A Cairns doctor says the Australian Government's efforts to combat tuberculosis (TB) in Papua New Guinea will not work unless something is done to address "atrocious" living conditions.
Dr Stephen Vincent recently visited PNG with Queensland's chief health officer, who yesterday said locally-based treatment programs funded by AusAID were showing signs of success.
Dr Vincent says while he agrees with the policy in principle, it will be a wasted effort unless TB hotspots receive basic infrastructure like sewerage and running water.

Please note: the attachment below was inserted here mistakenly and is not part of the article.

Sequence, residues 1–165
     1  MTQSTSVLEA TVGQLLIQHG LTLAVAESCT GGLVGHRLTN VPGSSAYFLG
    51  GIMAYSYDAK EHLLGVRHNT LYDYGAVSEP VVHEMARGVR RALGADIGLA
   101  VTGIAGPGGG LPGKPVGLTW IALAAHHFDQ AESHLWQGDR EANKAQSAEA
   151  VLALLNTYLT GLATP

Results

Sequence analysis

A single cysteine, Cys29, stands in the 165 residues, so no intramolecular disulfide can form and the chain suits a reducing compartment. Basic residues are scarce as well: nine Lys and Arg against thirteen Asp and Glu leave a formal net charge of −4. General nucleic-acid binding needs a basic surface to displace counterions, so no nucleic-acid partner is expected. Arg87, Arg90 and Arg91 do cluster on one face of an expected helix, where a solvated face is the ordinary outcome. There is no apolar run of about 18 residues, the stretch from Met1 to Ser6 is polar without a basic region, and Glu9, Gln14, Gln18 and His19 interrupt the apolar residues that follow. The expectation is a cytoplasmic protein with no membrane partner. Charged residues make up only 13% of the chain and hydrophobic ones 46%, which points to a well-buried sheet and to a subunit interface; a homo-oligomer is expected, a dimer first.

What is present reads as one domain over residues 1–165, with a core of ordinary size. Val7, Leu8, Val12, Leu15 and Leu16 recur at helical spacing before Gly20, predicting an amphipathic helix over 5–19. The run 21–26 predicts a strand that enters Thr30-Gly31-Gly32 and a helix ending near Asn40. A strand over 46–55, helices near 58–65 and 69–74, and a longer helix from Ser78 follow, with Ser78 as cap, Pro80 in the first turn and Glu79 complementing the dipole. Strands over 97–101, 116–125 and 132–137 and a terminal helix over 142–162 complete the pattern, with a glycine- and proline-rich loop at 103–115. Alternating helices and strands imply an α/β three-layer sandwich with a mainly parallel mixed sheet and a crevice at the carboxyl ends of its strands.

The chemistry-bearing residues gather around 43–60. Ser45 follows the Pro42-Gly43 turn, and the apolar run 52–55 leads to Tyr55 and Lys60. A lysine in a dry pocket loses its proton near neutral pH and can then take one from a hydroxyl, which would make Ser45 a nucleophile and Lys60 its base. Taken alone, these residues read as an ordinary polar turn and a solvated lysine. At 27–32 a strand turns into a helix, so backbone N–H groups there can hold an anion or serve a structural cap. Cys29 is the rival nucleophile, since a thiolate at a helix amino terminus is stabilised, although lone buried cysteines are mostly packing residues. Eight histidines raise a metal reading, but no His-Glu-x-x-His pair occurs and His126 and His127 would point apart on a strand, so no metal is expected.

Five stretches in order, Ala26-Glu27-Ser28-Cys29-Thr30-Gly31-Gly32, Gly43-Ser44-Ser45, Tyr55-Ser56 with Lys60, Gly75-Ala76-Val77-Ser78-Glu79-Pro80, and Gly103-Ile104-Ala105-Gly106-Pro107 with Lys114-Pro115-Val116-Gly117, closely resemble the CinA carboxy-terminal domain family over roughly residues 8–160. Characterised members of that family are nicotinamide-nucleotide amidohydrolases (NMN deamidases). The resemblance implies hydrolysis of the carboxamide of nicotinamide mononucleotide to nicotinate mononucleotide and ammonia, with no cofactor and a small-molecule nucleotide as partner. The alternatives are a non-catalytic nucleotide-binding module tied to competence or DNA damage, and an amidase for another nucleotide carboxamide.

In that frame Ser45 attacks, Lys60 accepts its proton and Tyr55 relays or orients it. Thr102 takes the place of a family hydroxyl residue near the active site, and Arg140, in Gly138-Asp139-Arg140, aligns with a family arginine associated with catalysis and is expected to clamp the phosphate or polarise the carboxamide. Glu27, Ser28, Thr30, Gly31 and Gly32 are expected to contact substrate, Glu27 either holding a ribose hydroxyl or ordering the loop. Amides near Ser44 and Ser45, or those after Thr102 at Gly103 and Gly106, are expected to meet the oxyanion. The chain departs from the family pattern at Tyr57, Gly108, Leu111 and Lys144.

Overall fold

"The conditions are atrocious - there's no sewerage, there's no running water, there's no electricity," he said.
"This is a breeding ground for TB and other communicable diseases such as typhoid, cholera, malaria, dengue.
"If you have an extensive TB program there's no way you're going to get on top of the problem if the basics are not met.
"They call TB the slow epidemic, so when you look at data over a period of 18 months the data's too small.
"Worldwide it's been shown that if the housing quality doesn't improve then the TB situation never improves, despite all good intentions with programs and doctors etc."